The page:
I know you're still feeling the pain, fellow A's fans. I am, too.
The Wild Card loss to Tampa Bay on Oct. 3 ended another promising A's season with a familiar, heartbreaking thud. It also forced us to endure another round of petty gloating from San Francisco's sports media.
Then, as many of you already know, it somehow got worse.
Countless news stories since the playoff loss have focused on the Oakland City Council's lawsuit against Alameda County over a proposed sale to the A's of the county's share of the Coliseum complex. The ill-advised suit reportedly aggravated the A's front office and MLB Commissioner Rob Manfred, who told council members that the litigation might lead the A's to leave town. That jumpstarted yet another round of relocation rumors and hand-wringing from Oakland fans already scarred from exits by the Warriors and Raiders. So, right when we all were dealing with the heartache of another early October exit, East Bay fans were handed something worse: an existential crisis that painfully reminds them that cities from Montreal to Las Vegas to Portland would love to steal the A's franchise.
To quote the immortal Crash Davis: We're dealing with a lot of shit.
But this is no time for pity parties because — and this is the most important part — hope is on the horizon. Simple solutions, indeed, can be found to the vexing problems listed above.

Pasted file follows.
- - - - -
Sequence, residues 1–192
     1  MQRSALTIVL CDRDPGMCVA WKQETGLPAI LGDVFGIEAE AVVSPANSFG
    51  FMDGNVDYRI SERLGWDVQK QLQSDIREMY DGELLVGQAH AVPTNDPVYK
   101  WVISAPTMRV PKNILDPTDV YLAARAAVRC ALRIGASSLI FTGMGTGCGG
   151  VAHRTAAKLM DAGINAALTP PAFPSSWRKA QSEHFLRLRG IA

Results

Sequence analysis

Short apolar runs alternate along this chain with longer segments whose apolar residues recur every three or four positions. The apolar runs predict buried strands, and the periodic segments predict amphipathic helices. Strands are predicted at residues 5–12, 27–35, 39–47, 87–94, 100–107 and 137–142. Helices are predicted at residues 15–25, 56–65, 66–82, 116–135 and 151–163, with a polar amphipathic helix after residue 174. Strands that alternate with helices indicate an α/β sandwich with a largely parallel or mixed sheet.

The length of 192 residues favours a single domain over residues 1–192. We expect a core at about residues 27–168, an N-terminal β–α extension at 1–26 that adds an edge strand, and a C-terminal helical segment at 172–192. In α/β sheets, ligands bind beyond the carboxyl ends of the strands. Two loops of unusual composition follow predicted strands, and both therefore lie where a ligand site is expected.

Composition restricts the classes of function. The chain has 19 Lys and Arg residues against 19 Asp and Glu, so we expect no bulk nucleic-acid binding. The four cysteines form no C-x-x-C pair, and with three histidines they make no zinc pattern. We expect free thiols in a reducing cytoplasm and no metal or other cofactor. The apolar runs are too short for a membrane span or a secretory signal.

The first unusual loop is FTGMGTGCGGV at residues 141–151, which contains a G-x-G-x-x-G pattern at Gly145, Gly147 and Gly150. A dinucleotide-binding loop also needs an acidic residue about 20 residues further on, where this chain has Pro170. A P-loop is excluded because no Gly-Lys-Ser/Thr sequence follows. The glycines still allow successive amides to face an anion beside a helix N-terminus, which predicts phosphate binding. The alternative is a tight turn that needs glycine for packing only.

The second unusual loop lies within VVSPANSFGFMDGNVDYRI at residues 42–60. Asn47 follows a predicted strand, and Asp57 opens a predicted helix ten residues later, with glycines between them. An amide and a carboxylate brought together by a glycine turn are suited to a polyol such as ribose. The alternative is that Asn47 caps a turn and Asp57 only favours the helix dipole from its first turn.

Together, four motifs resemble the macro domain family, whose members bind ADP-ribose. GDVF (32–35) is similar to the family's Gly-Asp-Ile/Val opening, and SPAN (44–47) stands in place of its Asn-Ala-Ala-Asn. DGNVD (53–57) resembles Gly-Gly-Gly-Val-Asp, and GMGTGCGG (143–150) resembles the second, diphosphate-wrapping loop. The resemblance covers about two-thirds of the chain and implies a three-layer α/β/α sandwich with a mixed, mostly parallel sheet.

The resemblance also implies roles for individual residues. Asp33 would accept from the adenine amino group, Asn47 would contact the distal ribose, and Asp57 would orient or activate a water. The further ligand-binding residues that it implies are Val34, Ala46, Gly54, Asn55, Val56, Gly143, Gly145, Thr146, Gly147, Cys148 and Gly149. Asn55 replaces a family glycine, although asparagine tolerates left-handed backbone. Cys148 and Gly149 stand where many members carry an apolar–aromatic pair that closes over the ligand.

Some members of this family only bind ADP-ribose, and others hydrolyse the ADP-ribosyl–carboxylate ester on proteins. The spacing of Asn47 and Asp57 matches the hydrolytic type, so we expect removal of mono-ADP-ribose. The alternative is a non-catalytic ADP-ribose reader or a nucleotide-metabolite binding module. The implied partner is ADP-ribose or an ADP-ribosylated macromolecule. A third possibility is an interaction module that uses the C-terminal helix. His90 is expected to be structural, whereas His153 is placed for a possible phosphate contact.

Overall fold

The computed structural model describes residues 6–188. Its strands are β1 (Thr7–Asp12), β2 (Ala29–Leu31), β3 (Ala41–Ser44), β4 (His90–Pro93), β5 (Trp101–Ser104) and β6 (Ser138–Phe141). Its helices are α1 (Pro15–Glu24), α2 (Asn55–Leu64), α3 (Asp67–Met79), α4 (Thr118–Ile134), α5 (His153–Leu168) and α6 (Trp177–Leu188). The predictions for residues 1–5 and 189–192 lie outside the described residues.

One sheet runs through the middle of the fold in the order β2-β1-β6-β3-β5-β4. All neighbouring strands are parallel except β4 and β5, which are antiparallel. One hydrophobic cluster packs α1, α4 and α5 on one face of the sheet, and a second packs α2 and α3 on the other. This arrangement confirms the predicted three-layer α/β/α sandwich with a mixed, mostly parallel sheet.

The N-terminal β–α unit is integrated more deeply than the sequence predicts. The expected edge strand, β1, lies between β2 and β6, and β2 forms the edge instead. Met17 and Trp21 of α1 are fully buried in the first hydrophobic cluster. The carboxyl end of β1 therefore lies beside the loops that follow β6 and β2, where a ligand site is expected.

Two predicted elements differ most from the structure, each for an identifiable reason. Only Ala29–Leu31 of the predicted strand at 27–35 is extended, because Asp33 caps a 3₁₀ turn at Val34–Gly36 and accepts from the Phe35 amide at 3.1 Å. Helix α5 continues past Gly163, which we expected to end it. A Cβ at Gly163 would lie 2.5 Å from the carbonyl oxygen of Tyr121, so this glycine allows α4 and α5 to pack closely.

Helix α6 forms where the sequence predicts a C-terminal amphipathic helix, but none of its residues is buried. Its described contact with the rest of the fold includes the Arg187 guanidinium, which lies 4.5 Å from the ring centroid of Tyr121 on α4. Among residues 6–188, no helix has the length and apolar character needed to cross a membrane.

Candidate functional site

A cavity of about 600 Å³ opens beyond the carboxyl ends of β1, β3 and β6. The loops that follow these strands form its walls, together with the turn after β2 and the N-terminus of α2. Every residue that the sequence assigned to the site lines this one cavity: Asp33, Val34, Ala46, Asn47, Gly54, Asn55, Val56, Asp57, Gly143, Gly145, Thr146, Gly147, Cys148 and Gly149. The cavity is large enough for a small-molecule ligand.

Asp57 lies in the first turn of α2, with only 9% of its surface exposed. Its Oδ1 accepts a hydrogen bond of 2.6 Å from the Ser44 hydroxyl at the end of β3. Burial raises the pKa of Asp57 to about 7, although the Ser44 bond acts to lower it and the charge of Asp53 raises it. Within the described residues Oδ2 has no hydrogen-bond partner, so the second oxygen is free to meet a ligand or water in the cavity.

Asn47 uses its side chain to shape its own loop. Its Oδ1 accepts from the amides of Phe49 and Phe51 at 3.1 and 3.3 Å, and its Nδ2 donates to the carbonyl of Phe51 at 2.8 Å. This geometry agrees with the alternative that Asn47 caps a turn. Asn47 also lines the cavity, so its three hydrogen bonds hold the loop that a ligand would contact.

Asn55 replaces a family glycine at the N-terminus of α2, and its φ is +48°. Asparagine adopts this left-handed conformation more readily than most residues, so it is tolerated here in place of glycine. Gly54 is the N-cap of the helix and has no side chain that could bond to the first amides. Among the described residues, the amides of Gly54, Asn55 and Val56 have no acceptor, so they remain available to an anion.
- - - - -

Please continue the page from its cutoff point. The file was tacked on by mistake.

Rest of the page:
Let's start with the simplest issue: the baseball roster. This A's team is stacked for years to come. You know the youthful lineup's biggest names. Chapman, Laureano, Murphy, Olson, Semien, and several others. Also, the pitching rotation is deep, young, and absurdly talented. The opening day ages of next year's likely starters — Luzardo, Manaea, Montas, and Puk — range from 22 to 28. If the A's add just a couple of good arms to the bullpen, the team's surprising weakness this past season, they will be a surefire World Series contender. The team's on-field product looks locked and loaded for the foreseeable future.
The off-field issues? Well, this is where things get dicey.
First, the Oakland City Council should not have sued Alameda County. Likewise, Manfred should not have replied with relocation threats. They never help.
Next, the City Council and Alameda County supervisors must solve their dispute quickly over the Oakland Coliseum land. The politicians should find a sale price they can live with and then get out of the way.
The A's are trying to buy Alameda County's 50 percent share of the Coliseum complex. The team also would like to own the city's share. Once that land is sold, the Coliseum Authority — also known as the JPA — should take urgent steps to dissolve itself.